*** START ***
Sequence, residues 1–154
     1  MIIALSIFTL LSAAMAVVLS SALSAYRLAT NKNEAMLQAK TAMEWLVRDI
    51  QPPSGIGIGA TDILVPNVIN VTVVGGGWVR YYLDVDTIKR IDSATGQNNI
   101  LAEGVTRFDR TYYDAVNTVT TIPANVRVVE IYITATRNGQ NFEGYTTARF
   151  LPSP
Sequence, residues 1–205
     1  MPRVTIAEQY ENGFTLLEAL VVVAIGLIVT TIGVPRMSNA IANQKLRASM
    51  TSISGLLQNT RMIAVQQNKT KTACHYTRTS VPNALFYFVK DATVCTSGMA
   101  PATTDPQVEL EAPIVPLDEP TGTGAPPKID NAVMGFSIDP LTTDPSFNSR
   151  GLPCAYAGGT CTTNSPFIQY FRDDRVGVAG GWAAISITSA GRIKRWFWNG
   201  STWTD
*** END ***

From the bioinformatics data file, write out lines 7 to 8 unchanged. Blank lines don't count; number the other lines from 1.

     1  MPRVTIAEQY ENGFTLLEAL VVVAIGLIVT TIGVPRMSNA IANQKLRASM
    51  TSISGLLQNT RMIAVQQNKT KTACHYTRTS VPNALFYFVK DATVCTSGMA